Jesus answered, "I did tell you, but you do not believe. The miracles I do in my Father's name speak for me, but you do not believe because you are not my sheep. My sheep listen to my voice; I know them, and they follow me. I give them eternal life, and they shall never perish; no one can snatch them out of my hand. My Father, who has given them to me, is greater than all; no one can snatch them out of my Father's hand. I and the Father are one." John 10:25 (HCSB)

Jarius knew that Jesus was worthy of worship, that Jesus and the Father were indeed one, because Jarius had encountered Jesus in a personal, desperate way. When he had no hope, Jesus had become his hope, and his salvation. There was life in his home because of Jesus. Despair had been avoided because of Jesus. Everything in the Scripture he loved was different now, interpreted in the light of what God was doing right in the middle of Jarius' life.

Because of what had happened, could Jarius have possibly denied that Jesus was the exact representation of God, "sustaining all things by his powerful word?" (Hebrews 1:3)

Jarius knew this about Jesus:

  • Jesus owns it all.
  • Jesus made it all.
  • Jesus reflects the complete radiance of God's glory.
  • Jesus is the exact representation of God's being.
  • Jesus continues to sustain all things.
  • Jesus paid the price for our sin.
  • Jesus rules it all.
  • Jesus was worthy of his worship.

IV. Jesus is worthy of your personal confession of worship

This series of messages is about the phrase, "fix your eyes upon Jesus," or "fix your thoughts on Jesus."

If you find one of the two places this phrase appears in the New Testament, you'll find it directly in the context of confessing Jesus.

Hebrews 3:1 Therefore, holy brothers, who share in the heavenly calling, fix your thoughts on Jesus, the apostle and high priest whom we confess.

Before there can ever be a move toward discipleship, or bearing fruit, or all the purpose-driven goals we would desire, there has to be a simple confession of faith.

Jesus asked for it from all who followed him. Surrounded by a carnal climate in Caesarea Philippi, Jesus would turn to the disciples and ask: "Who do you say that I am?" (Matt. 16:15) Peter would make the bold confession that Jesus was the Christ, the Son of the Living God. (Matthew 16:16)

For blind men who desperately wanted to see, Jesus first asked if they could see a spiritual truth.

When he had gone indoors, the blind men came to him, and he asked them, "Do you believe that I am able to do this?" "Yes, Lord," they replied. Matt. 9:28 (HCSB)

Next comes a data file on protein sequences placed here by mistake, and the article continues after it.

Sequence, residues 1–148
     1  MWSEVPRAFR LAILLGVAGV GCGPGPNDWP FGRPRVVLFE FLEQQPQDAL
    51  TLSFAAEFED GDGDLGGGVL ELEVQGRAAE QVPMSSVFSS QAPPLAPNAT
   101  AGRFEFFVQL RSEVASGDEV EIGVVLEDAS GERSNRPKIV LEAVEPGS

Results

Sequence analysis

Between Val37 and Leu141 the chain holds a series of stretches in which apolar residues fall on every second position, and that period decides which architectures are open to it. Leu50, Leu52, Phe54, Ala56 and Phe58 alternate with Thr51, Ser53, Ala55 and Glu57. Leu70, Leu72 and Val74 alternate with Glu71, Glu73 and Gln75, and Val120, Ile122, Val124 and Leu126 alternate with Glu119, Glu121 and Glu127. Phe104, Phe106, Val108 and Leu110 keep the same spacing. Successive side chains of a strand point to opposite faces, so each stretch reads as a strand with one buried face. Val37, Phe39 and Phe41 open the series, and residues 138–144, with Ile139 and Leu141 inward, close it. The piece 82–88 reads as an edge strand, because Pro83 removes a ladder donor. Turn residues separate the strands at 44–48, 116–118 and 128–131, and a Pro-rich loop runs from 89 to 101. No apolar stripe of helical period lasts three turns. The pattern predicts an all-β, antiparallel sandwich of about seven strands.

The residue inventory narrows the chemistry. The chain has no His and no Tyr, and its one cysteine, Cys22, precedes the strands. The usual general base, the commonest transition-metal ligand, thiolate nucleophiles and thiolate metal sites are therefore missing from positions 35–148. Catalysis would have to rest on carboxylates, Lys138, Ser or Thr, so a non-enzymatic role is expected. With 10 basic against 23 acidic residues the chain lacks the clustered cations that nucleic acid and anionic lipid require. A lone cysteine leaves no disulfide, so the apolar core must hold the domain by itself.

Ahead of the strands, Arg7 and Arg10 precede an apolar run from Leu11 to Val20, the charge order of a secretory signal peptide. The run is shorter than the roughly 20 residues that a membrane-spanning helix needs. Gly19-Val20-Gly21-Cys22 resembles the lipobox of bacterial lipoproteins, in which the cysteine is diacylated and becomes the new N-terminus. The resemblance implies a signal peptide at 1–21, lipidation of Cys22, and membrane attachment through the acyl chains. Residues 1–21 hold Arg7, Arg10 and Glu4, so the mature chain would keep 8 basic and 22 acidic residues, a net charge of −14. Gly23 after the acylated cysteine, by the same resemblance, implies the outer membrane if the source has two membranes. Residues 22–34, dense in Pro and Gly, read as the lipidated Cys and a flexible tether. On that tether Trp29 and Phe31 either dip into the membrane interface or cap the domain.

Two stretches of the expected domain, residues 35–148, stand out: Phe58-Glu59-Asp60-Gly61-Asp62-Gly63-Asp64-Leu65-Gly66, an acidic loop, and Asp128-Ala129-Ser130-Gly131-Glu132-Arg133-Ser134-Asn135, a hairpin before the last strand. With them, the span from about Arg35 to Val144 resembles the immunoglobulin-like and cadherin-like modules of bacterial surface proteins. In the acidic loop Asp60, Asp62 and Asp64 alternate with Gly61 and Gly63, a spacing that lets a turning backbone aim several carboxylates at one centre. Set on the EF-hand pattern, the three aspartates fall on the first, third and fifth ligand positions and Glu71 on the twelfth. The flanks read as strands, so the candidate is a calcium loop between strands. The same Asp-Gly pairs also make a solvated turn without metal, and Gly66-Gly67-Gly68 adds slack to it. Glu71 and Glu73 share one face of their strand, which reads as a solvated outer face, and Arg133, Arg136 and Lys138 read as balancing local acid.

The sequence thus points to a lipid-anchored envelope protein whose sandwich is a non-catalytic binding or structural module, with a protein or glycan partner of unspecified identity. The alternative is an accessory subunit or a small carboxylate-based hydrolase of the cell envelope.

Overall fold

When a woman was nearly overwhelmed with her grief, Jesus wouldn't move toward a miracle until he heard Martha's answer: "Whoever lives and believes in me will never die. Do you believe this?" "Yes, Lord," she told him, "I believe that you are the Christ, the Son of God, who was to come into the world." John 11:26-27 (HCSB)

In a moment, Martha's brother was alive again, and Martha's deep friendship for Jesus turned into worship.

Sheer, unapologetic worship.

What else would you do in the presence of God?

Did she understand all the nuances of what God was up to? No more than you or I would. But she saw what she saw, and she knew only God could exercise such incredible control over life and death.

She worshipped him. She confessed Jesus as all he said he was.

Illustration: Kevin Martin, from St. Luke's Episcopal Church in Seattle, told a story about two comments he heard one Sunday after services. The first was from a new member, who enthusiastically said, "This is one of the greatest worship experiences I've ever had!" Moments later, another member approached him and snapped, "The organ absolutely ruined worship for me this morning!" He said it was hard to believe both people were in the same worship service.

It's not about the music. It's not about the speaker. It's not about the great friendships. It's about Jesus. Every moment, every effort, every breath. It's all about him.

The most important element in any worship service is the heart of the person attending the service. If your heart is bent toward God when you walk in the door - it will be full of God when you walk out. Worship can be defined as "getting drenched with God." It can happen anytime you want it to; it's simply a matter of preparing yourself, and simply a matter of coming face to face, heart to heart, with Jesus Christ.

Andy Cook is pastor of Shirley Hills Baptist Church, Warner Robins, Georgia.